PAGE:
Q.If people to use my property for recreational purposes, can I be held liable if someone becomes injured?

Except in very limited circumstances, New York law limits the liability of property owners for injuries sustained by others who use the property for recreational purposes.

As a matter of common law, property owners in New York are generally under an affirmative duty to exercise reasonable care to maintain their property in a reasonably safe condition for the protection of all persons whose presence on the property is reasonably foreseeable. The duty to maintain property in a reasonably safe condition applies regardless of whether the property is open to the public or not – as a result, an owner may be held liable for injuries sustained by trespassers or other uninvited persons as a result of unsafe or dangerous conditions, as long as their presence was “reasonably foreseeable” under the circumstances.

The Rules Are Different For Recreational Use

A New York statute – General Obligations Law § 9-103 – modifies these general common law rules in the case of property used for recreational purposes. The statute grants a special immunity to “owners, lessees or occupants” from the usual duty to keep their property safe when individuals use the property to engage in specified recreational activities without charge. By its terms, Section 9-103 only applies where the use of the property is provided free of charge. A property owner loses the protection of the statute if he or she provides access to the property on a commercial basis or otherwise collects any fee for the use, no matter how small.
When the statute applies, a property owner will only be held liable for injuries resulting from a willful or malicious failure to guard against, or warn of, a dangerous condition on the property. Simple carelessness or negligence on the part of the owner will not be enough to meet this standard. To be considered willful or malicious, the conduct must be done both intentionally and without any just cause or excuse. In most cases, this high standard of liability will be very difficult for an injured party to prove.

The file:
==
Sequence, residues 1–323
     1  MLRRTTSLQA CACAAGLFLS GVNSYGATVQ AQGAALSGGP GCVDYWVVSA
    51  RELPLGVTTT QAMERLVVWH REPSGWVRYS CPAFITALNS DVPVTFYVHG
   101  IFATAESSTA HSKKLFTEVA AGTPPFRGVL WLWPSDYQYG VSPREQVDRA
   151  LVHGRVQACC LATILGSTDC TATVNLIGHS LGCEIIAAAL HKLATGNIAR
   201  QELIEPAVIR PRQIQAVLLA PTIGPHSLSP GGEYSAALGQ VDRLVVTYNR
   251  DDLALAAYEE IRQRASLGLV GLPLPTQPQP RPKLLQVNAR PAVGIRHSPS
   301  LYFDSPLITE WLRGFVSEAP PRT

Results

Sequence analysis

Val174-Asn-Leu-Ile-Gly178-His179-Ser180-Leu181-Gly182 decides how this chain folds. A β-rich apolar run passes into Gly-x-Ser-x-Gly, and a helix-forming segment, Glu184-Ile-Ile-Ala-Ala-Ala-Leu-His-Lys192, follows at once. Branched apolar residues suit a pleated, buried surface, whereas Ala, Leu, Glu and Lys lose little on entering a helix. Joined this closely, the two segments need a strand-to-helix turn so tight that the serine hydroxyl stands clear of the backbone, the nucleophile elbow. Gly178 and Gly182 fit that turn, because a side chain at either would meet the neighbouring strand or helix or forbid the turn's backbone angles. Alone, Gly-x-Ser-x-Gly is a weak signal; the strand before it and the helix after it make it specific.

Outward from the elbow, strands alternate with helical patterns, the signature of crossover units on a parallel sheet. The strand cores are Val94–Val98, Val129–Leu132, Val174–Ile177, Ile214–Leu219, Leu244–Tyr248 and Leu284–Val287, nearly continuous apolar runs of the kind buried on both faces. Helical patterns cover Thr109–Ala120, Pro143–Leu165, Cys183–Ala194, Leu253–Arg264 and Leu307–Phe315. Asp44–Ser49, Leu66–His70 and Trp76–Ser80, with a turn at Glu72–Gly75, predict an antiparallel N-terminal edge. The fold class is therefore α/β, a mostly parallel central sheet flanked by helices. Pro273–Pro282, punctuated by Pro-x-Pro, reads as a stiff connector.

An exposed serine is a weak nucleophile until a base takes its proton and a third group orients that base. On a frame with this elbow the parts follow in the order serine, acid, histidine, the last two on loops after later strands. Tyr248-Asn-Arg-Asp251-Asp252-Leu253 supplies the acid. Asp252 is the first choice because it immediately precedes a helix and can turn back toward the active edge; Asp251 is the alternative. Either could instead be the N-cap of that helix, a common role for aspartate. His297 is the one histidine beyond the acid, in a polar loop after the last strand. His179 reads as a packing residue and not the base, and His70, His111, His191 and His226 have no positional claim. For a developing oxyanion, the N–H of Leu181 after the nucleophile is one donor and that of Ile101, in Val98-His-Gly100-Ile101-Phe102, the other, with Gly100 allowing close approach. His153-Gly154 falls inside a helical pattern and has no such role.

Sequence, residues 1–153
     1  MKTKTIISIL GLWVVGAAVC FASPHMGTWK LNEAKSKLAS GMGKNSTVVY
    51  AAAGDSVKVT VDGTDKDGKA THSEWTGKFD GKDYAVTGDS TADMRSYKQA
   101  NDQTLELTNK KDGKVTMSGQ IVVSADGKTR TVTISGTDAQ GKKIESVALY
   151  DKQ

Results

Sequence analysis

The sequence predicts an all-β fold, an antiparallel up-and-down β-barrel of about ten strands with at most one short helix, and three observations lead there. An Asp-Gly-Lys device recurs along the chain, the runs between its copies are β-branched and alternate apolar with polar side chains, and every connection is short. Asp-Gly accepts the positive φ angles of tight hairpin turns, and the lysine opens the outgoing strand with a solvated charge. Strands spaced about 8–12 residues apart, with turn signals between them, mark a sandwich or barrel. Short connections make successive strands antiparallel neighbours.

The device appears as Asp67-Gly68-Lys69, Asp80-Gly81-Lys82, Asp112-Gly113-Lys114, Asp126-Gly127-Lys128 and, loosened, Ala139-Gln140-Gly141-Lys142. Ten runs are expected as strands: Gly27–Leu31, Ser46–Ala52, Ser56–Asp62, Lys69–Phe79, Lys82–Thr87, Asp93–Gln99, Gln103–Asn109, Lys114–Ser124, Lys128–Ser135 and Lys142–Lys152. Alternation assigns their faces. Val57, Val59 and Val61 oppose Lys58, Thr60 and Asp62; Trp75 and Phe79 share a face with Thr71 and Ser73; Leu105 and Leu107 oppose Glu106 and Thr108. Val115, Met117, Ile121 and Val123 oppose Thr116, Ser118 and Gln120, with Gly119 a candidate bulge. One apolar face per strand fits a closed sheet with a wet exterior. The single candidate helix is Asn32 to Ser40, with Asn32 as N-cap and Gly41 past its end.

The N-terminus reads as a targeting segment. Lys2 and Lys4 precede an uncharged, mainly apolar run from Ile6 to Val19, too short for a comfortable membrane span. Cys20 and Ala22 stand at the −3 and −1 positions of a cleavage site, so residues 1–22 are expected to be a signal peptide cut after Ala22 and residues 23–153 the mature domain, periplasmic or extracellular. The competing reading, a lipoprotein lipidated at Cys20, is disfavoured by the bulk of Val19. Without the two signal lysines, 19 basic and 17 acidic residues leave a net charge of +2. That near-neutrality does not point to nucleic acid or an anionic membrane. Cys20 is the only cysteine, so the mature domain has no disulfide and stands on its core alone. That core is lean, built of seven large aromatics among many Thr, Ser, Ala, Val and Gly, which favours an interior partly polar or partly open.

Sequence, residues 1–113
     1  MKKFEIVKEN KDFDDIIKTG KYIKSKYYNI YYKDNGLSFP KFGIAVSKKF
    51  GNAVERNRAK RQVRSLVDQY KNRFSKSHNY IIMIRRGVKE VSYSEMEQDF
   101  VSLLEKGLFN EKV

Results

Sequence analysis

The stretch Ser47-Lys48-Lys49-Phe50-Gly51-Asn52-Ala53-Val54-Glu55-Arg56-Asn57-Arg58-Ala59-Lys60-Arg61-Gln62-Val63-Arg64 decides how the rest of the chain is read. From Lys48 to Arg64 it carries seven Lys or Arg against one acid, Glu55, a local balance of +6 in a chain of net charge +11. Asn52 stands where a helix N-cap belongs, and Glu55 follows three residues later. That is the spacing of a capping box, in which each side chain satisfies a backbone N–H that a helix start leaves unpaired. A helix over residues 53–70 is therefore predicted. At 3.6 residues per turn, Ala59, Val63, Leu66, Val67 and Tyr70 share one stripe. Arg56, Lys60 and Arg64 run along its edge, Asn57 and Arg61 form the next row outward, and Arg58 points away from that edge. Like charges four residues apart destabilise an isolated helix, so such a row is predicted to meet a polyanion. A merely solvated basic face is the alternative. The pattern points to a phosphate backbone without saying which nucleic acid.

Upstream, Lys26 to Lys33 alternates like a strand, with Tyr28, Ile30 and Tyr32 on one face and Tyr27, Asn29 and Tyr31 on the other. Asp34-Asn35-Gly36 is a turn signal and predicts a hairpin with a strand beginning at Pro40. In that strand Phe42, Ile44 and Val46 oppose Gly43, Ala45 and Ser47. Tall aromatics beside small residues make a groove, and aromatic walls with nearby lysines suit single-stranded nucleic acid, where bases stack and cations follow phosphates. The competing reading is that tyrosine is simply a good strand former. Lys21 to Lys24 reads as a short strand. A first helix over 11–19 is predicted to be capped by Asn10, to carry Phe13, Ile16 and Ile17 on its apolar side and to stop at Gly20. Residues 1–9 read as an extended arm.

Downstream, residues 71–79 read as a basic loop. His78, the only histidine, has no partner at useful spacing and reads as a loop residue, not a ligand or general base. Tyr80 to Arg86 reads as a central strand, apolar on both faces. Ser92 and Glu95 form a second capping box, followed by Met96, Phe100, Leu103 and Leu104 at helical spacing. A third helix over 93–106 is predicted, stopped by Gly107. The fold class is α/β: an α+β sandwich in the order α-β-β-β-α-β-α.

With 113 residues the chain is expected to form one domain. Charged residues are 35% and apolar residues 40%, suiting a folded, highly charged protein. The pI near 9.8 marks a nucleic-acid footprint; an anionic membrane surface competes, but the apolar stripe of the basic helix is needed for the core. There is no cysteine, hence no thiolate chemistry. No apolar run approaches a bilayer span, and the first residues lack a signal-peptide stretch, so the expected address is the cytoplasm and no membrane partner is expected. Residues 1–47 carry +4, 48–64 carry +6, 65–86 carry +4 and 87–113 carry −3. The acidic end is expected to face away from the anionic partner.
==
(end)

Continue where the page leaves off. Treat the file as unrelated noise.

The list of specified recreational activities includes hunting, fishing, “organized gleaning”, canoeing, boating, trapping, hiking, cross-country skiing, tobogganing, sledding, speleological activities, horseback riding, bicycle riding, hang gliding, motorized vehicle operation for recreational purposes, snowmobile operation, non-commercial cutting or gathering of wood, and the training of dogs. While the statute covers a wide range of activities, there are some notable omissions. For example, swimming – although a common recreational activity — is not included.

Intent of the Activity Matters

One additional consideration is that the activity must be performed with the requisite “recreational intent.” In other words, the same physical activity may or may not fall within the statute depending on the person’s intent and the circumstances at hand. For example, the activity of “walking” might be considered to fall within the meaning of the enumerated activity of “hiking” if it is performed for pleasure or exercise. On the other hand, walking simply for the purpose of traveling to a particular destination – such as cutting across the property as a shortcut home – likely would not be considered to be “hiking” even though the physical activity is exactly the same.The “recreational use” provisions of General Obligations Law § 9-103 apply to all types of properties used by persons engaged in recreational activities, regardless of whether they are present with or without the consent or permission of the owner. An additional provision of Section 9-103, however, applies specifically in the case of farms and provides that the owner of a farm owes no duty to keep the farm property safe for entry or use be a person who enters or remains on the property without consent or privilege (i.e., permission). This statutory protection, therefore, applies regardless of the activity being performed on the property, as long as the property is a farm and the person is present on the property without permission.It also applies regardless of whether or not the property has been posted with “no trespassing” or similar signs. Like any other owner, however, the farm owner may still be held liable for injuries resulting from gross negligence or a willful or malicious failure to guard or warn.

Has someone been injured on your property? You should retain a personal injury lawyer right away to protect yourself and your property from unfair litigation. Make an appointment with our team for a free consultation about your case.